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The Sadhu (also known as yogi and sanyasi), is a Hindu ascetic who has renounced caste, social position, money and authority, and occupies a special place in Hindu society. As one who seeks the Universal Soul in order to be absorbed in it, the Sadhu is set apart from the orthodox priesthood as renunciation is considered superior to the rituals of the priests.

The concept of the Sadhi traces its origin to the earliest images of Shiva himself, with his matted hair and the body covered with ash. A Sadhu does not have any caste and is free to attach himself to any strata of the social structure. The Sadhu is credited with much of the development of Indian culture, art, architecture, music, poetry and literature, influencing and forming the very world he has abandoned with his endless travels from one sacred site to another, singing songs and reciting poetry and carrying icons, paintings and other sanctified objects.

The Sadhu usually wears on his forehead the three lines of the god’s trident drawn in ash or sandalwood paste which may be vertical or horizontal. Endless variations of these sectarian marks, depending on the sect, are possible. They may decorate their bodies with various lines and markings, cover the entire torso with ashes, carry a metal trident and wear rosaries. The hair and the beard are uncut and matted.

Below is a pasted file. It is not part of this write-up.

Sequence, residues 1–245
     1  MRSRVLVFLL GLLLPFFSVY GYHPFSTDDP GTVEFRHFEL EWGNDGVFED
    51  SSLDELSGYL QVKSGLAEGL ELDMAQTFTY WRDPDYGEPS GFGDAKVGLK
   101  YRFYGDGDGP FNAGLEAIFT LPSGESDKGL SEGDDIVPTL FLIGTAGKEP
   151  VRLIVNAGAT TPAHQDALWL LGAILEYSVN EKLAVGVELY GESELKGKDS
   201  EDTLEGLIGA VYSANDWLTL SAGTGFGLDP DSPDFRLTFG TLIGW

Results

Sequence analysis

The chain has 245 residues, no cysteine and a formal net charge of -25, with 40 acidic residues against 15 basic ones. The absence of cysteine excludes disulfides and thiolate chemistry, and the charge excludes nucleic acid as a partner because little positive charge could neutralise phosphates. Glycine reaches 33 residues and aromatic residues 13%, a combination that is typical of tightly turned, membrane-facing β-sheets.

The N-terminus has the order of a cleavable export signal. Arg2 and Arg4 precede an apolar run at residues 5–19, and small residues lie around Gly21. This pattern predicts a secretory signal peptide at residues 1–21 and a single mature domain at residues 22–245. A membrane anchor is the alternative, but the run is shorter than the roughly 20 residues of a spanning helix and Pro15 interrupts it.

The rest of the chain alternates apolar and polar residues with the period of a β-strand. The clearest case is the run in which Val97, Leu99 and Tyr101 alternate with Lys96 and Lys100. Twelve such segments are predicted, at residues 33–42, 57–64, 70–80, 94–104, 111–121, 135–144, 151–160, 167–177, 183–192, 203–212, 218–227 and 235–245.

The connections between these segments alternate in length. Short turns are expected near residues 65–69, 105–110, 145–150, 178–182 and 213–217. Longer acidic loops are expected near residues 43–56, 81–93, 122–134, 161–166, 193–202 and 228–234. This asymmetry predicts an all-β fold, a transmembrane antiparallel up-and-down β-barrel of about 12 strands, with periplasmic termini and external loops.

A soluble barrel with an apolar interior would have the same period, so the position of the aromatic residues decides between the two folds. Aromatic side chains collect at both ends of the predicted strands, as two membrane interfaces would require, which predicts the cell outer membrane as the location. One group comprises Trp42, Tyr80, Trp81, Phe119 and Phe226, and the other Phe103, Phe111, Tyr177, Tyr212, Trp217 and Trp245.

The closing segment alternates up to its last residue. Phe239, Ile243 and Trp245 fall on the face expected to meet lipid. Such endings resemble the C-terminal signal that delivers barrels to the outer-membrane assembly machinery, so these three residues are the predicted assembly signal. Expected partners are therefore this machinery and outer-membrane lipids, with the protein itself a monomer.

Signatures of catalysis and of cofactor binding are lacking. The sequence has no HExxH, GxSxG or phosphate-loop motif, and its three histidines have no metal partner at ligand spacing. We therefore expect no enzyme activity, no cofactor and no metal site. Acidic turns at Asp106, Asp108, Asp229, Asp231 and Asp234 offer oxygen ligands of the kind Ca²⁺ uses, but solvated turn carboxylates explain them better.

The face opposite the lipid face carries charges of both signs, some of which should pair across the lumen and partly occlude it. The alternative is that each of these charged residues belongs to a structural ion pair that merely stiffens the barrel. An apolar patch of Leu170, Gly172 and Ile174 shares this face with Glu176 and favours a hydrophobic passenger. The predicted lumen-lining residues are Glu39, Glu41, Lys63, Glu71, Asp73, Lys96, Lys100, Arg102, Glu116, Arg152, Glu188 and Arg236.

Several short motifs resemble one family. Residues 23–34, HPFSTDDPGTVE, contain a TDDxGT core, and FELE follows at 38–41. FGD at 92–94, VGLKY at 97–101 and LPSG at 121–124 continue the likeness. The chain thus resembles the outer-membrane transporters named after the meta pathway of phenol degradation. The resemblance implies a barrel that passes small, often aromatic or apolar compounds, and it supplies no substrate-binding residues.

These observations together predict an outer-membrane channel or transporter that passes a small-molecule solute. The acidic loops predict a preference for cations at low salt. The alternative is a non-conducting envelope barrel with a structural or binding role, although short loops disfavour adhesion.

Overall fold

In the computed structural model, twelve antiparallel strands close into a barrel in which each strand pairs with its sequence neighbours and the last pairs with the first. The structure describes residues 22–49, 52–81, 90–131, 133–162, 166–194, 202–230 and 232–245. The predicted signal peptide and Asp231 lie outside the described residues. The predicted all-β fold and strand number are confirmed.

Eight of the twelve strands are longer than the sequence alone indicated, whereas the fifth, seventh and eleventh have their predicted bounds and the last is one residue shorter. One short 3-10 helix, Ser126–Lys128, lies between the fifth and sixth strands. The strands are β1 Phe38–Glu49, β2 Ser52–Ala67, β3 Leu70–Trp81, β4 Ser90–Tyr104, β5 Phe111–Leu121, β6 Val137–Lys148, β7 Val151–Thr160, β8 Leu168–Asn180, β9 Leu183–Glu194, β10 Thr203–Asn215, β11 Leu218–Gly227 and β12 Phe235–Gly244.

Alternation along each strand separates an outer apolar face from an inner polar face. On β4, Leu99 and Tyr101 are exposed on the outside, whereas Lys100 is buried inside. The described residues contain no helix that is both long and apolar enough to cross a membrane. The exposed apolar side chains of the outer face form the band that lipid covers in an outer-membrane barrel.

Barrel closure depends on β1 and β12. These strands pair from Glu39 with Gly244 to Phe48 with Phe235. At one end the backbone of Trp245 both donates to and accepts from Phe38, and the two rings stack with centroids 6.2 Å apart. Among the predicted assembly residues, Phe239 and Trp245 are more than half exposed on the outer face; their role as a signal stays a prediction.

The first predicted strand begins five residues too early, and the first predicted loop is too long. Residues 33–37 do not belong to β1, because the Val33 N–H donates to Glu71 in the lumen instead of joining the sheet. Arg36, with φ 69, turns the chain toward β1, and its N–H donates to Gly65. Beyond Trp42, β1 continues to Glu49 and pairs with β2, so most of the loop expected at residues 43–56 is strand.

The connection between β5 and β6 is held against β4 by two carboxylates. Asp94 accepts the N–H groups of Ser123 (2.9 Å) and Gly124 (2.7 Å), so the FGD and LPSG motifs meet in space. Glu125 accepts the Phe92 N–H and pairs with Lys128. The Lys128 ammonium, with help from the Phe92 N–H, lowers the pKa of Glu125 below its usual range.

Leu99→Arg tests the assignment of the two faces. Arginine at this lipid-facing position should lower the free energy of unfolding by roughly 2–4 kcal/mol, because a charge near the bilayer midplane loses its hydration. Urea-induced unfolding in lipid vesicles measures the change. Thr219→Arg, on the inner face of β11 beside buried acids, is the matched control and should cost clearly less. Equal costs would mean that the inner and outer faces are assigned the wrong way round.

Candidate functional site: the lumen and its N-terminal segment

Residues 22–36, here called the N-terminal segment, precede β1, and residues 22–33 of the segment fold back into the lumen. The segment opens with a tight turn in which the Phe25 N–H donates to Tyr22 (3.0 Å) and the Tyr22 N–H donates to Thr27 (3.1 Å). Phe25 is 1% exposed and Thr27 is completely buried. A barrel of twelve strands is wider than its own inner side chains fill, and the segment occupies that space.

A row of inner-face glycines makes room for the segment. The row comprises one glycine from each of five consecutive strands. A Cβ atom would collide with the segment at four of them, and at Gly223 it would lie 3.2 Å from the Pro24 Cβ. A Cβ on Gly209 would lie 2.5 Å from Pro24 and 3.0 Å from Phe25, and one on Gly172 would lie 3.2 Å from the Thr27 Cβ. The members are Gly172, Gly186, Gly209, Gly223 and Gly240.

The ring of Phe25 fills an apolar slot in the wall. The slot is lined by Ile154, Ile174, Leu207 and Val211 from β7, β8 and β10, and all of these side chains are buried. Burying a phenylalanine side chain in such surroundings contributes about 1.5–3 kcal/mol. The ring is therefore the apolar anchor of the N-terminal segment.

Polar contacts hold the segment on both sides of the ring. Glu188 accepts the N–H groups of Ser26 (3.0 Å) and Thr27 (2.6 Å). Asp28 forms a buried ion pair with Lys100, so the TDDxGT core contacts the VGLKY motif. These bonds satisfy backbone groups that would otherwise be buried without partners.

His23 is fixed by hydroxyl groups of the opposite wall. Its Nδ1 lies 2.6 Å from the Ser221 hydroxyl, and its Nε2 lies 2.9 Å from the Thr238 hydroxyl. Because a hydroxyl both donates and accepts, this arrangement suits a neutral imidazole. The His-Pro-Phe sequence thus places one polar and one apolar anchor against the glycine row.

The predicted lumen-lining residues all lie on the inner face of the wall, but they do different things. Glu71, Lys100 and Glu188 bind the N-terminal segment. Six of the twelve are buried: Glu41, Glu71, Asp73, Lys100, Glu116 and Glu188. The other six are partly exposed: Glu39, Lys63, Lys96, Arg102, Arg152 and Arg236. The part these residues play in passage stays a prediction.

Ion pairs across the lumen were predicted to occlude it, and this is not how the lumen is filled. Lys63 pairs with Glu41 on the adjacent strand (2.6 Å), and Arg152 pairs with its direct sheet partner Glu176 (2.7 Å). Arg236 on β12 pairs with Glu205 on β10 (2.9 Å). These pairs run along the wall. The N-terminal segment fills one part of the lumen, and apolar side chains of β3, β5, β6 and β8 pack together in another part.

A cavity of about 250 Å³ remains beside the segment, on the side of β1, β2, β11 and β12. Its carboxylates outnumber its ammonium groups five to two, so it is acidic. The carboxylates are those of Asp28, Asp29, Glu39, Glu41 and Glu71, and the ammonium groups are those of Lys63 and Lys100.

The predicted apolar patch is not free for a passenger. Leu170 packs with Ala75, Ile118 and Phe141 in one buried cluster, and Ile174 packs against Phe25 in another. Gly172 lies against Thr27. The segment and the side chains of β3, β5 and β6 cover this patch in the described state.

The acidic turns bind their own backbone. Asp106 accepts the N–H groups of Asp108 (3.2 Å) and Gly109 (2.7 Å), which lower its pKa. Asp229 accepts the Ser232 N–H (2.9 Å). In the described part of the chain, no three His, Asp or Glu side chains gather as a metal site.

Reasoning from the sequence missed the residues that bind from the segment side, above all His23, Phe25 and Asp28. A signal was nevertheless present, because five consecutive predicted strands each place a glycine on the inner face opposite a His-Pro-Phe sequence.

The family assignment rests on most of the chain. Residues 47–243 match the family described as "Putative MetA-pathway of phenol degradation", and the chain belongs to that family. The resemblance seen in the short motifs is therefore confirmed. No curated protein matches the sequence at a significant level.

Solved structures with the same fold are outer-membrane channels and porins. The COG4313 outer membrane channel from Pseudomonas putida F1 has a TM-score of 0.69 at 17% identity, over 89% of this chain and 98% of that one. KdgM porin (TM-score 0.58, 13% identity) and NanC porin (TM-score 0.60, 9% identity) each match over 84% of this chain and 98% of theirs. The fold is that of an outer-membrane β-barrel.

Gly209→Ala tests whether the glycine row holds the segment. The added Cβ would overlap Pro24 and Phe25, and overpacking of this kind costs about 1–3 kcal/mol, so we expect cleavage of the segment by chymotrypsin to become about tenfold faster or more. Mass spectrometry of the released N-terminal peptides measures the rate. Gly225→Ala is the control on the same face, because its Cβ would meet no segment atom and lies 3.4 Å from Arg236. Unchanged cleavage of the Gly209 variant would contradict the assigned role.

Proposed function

Shaivite Sadhus are followers of Shiva and are divided into various sects. The Dasanami (monks with ten names) sect has about ten branches scattered all over India. They each have an armed militant branch called the Nagas. They follow Tantrism and Shaktism, eat meat, take stimulants and are often criticized for their erotic practices. The Gorakhnath is wear large earrings. The Aghori Yogis are notorious for their rites involving r e dead. The Lingayats centre their worship on the linga as the symbol of Shiva.

Vaishnavite Sadhus are devoted to Vishnu and are a later development than the Shaivite. Commonly called Vairagi (detached ones), they are members of various schools of Bhakti (devotion). They do not emphasize the ascetic extremes of the Shaivites. Their common identifying mark is a white V drawn on the forehead, with an added line in either white or red in the centre. They normally wear white and carry beads of the tulsi (sacred basil). Unlike the common Hindu who is cremated, the Sadhu is buried, usually in the sitting position. The burial site normally becomes a place of worship.

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